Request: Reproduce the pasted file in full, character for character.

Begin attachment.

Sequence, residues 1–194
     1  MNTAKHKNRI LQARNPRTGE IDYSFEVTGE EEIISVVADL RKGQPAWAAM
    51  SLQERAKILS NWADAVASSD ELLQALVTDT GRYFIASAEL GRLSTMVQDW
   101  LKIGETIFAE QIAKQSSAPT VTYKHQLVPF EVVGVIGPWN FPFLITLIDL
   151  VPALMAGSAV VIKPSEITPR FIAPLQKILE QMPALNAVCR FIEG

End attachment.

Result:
Sequence, residues 1–194
     1  MNTAKHKNRI LQARNPRTGE IDYSFEVTGE EEIISVVADL RKGQPAWAAM
    51  SLQERAKILS NWADAVASSD ELLQALVTDT GRYFIASAEL GRLSTMVQDW
   101  LKIGETIFAE QIAKQSSAPT VTYKHQLVPF EVVGVIGPWN FPFLITLIDL
   151  VPALMAGSAV VIKPSEITPR FIAPLQKILE QMPALNAVCR FIEG